KBB Logo Expert review written by the Kelley Blue Book vehicle review editorial team.

Editor's Overview

The 2016 Subaru Outback is the wagon that thinks it’s an SUV. Roomier than most compact-crossover SUVs, the Outback’s Legacy-based platform delivers car-like ride and handling, while its legendary all-wheel-drive system lets it go places many so-called SUVs dare not venture. A luxurious interior and cutting-edge driver-assist technologies only sweeten the deal.

You'll Like The 2016 Subaru Outback If...

If you’re looking for a family-friendly vehicle that excels in the areas of resale, fuel economy and safety, the 2016 Subaru Outback wagon is it. If you’re looking for a roomy family vehicle that can also tackle deep snow and off-road trails, the 2016 Subaru Outback can do that, too.

You May Not Like The 2016 Subaru Outback If...

If you’re thinking of taking your Outback down the Rubicon trail or towing anything heavier than 3,000 pounds, think about a Jeep Wrangler or used Nissan Xterra. Subaru’s 2016 Outback lacks a 3rd-row seat option and can cost more than many comparably equipped compact-crossover SUVs.

What's New

Subaru’s Outback for 2016 sees only minor improvement over last year’s model. A new Starlink safety and security package is added to the Premium and Limited trims, while the EyeSight system gains Lane Keep Assist. Steering feel has been enhanced, and the Limited trim has its suspension recalibrated for a smoother ride.

Interior Features

The Subaru Outback crossover SUV for 2016 essentially shares its interior with the 2016 Subaru Legacy sedan – a good thing. The layout is clean and functional, and we especially like the latest touch-screen infotainment system's design. The seats are comfortable in all positions, especially the roomy, reclining rear seat (thanks to the Outback's tall roof). Cargo space in this SUV is obviously leaps and bounds better than the Legacy sedan. That goes double with the seats folded. It's quieter than its predecessor, thanks in part to the way the continuously variable automatic transmission (CVT) mimics gear changes at full throttle.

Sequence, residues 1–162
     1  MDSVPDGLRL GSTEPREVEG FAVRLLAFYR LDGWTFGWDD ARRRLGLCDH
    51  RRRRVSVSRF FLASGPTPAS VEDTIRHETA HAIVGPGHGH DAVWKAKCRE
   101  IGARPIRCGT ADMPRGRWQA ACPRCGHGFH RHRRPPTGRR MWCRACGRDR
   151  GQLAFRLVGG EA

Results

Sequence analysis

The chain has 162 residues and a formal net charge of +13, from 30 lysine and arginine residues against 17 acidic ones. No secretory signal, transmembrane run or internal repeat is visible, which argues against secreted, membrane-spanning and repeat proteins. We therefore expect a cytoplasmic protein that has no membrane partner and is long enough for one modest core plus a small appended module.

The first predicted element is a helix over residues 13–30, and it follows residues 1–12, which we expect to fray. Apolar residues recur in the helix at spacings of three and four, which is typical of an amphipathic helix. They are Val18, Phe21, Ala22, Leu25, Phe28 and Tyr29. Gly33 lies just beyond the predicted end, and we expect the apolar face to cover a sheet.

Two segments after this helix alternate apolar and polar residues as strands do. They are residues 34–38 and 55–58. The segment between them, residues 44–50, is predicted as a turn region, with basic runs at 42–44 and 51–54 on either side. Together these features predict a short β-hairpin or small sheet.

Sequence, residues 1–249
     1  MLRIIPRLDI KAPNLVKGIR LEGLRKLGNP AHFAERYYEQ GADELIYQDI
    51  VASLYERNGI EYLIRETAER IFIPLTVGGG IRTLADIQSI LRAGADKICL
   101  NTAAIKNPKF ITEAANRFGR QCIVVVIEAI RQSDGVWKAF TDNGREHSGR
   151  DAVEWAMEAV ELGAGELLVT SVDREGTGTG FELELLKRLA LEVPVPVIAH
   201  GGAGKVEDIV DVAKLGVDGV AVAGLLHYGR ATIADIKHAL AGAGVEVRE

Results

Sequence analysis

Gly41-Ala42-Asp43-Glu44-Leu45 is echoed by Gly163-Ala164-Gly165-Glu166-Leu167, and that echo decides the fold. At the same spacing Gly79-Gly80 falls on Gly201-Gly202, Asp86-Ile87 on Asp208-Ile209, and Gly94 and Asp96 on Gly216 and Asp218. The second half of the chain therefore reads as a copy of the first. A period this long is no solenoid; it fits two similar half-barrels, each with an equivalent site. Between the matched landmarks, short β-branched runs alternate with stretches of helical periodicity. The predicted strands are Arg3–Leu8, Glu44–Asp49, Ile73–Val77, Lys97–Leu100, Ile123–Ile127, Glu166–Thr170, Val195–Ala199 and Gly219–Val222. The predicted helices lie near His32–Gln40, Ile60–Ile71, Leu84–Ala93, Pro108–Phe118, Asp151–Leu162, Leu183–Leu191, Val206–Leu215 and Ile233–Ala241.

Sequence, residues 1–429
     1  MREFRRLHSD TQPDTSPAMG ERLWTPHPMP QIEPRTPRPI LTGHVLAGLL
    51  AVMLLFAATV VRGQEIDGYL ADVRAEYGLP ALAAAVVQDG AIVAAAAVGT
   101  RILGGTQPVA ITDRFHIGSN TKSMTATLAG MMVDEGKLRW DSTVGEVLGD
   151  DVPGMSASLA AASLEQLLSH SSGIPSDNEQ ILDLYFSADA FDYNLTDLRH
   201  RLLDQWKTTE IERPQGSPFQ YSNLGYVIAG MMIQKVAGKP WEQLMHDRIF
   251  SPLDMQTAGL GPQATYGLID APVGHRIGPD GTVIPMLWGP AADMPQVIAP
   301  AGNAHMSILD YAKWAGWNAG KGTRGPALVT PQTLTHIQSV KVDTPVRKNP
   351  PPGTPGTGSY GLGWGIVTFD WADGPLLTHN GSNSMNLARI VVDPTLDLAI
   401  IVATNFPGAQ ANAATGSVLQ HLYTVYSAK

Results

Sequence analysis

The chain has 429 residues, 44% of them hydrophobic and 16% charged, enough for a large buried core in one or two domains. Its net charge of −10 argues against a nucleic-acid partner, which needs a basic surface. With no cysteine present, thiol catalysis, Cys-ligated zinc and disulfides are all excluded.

Exterior Features

While the 2016 Subaru Outback's styling still favors practical over pizazz, this Subaru crossover-SUV wagon is definitely an improvement over the last-generation Outback. The neatly integrated headlights and taillights blend with an upright, chunky look that incorporates Subaru's new hexagonal grille and the Outback's traditional round fog lights and rugged-looking lower body cladding. Clever touches include grille shutters that close at speed to improve fuel economy, and LED taillights. We also like the standard roof rails with their integrated stowable crossbars.

Driving Impressions

Even when the roads turned nasty, we were impressed by our 2016 Subaru Outback crossover SUV’s quiet cabin, its car-like driving characteristics (it is based on the Legacy sedan, after all) and its stable composure even in the most inhospitable driving conditions. The base 2.5-liter 4-cylinder is no powerhouse, but it isn’t a slouch either and the fuel economy is outstanding. The 6-cylinder provides a more robust driving experience and is recommended for anyone who needs to tow, but it is available only on the top-line Limited trim, which doesn’t come cheap. On the road, Subaru’s Active Torque Vectoring enhances traction at higher speeds by automatically routing power for better stability. Off-road, the 2016 Subaru Outback’s true brilliance is revealed. Standard X-Mode bolsters low-speed traction while Hill Descent Control does all the braking on steep descents, allowing the driver to focus on piloting the vehicle.

Pricing Notes